Eight amazing photographs from a 35,000-kilometre road trip across Canada
Photographer Naomi Harris was born and raised in Toronto, but it took 14 years of living in the United States before she finally set out to see the rest of her home country. Harris embarked on a four-month long road trip in 2011, intent on capturing the vast landscapes and diverse cultures of Canada, and contributing to a genre of photography that’s historically been dominated by American men like Walker Evans and Robert Frank. Beginning in Victoria on Victoria Day, Harris drove 35,000 kilometers across the country, immersing herself in the local communities and even adopting a stray dog, now named Maggie, along the way. Her Contact exhibition, Oh Canada!, on display until June 4 at North York Centre, contains stunning portraits from that road trip and Harris’s subsequent travels across the country. Here, she shares the stories behind eight of the photographs.
Sikh Motorcycle Club
Harris found the Sikh Motorcycle Club online. The group was founded in 2002 and currently has about 150 members—this is the core squad. “The gentleman in the centre of the photo with the orange turban got the government of British Columbia to allow Sikh motorcyclists to ride without having to wear a helmet, because their turbans provide enough protection,” says Harris. She says the group hasn’t faced any discrimination within the motorcycle community. “They’re just like any other motorcycle group—they don’t like to be called a gang—except that they all happen to be Sikhs.”
Self-Portrait With Mum
Fantasyland Hotel, West Edmonton Mall, Edmonton
Living in the U.S., Harris became accustomed to hearing jokes about her home country. “People would ask, ‘Oh you’re from Canada. Did you live in an igloo? Are there polar bears walking down the street?’” says Harris. She decided to riff on those clichés by posing for a self-portrait with her mom, Diane, in the Canadian-themed room at the West Edmonton Mall hotel. This is one of Harris’s favourite portraits from the exhibition, because it’s one of the few photos she has of her and her mom together. “My mom was born and raised in Peterborough, lives in Toronto and had never been to Alberta, so she came out and travelled with me for a couple weeks.”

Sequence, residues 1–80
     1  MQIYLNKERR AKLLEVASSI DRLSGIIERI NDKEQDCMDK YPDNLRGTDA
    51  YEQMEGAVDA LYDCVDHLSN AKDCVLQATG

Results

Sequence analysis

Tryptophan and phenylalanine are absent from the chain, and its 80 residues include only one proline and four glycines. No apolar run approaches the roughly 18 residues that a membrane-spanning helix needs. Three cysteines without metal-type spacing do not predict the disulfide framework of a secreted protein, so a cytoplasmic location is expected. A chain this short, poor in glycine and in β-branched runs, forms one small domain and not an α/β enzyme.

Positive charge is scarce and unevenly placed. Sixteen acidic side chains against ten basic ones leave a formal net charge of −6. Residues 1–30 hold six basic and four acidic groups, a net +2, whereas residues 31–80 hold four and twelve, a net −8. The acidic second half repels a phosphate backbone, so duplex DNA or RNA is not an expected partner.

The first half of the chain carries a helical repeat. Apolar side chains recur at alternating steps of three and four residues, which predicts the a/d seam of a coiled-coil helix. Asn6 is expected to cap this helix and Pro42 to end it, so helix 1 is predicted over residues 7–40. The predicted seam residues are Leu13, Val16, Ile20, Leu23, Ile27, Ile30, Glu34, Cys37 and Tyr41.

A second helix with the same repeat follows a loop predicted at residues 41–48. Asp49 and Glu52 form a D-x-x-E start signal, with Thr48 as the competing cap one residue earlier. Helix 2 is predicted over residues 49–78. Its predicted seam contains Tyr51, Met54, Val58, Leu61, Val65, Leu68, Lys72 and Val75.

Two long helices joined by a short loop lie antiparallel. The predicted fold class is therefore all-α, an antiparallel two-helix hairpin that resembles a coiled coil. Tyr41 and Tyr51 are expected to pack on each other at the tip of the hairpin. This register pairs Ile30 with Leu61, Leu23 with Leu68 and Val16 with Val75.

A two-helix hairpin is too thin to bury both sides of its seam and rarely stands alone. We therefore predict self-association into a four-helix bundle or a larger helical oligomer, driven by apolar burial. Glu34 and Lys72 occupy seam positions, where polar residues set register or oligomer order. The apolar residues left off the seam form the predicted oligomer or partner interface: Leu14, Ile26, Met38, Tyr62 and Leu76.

The Ojulu Family’s Second Day in Canada
The day this photo was taken, the Ojulu family had just arrived from a refugee camp in Sudan. “They were exhausted, but still felt proud to have their picture taken,” says Harris. She liked how the family was posed next to a moose, which, like the igloo, is a stereotypical symbol. “It doesn’t get much more Canadian than being photographed with a moose.”
For 60 years, the unfortunate slogan of this small Saskatchewan town was, “The land of rape and honey,” which referred to the area’s plethora of rapeseed crops and honey production. Harris was eager to track down a local bee keeper to shoot, and found this producer, Jim Riou, who told her he gets stung about 10 times a day. In 2016, Tisdale officially adopted the new motto, “Opportunity grows here.”
Jae Ho (Jeff) Shin
During the road trip, Harris travelled to Ituna, Saskatchewan, to photograph Canada’s oldest person, 112-year-old Pearl Lutzko. She stayed overnight at a motel owned by Jeff Shin, a new immigrant from South Korea. “Ituna isn’t teeny tiny, but it’s not a big city,” she says. “He was probably the only Asian person in town.” This photo is also significant to Harris because she rescued a dog a day earlier. Maggie has been her travelling companion ever since.
Sioux Valley, Manitoba
This was the second pow wow Harris attended while travelling through the prairies. “What I liked about this young couple is that she’s wearing contemporary clothes and he’s wearing the costume he wore for performing. I enjoyed that mix of contemporary with traditional.”
Bathurst, New Brunswick
According to Harris, Remi Guitard is one of the last lumberjacks in Canada who still uses a horse and sleigh, a traditional technique rooted in his Acadian ancestry. He does, however, use a chainsaw to cut down the trees.
Stanstead, Quebec and Derby Line, Vermont
These two teenagers met as actors in a production of the musical Hairspray at the Haskell Free Library and Opera House, which straddles the border between Quebec and Vermont. “The border literally runs through the buildings. When you’re in the audience, you’re in America, but the stage is in Canada,” says Harris. He was American and she was Canadian. Before 9/11, residents of Stanstead and Derby Line could easily cross the border freely. Now, they need to carry their passports and enter through the passport office. “The library is one of the only places you can come and go without a passport, so the couple would meet there.”
An earlier version of this article misspelt the name of Naomi Harris' mother and mistakenly claimed she was born and raised in Toronto.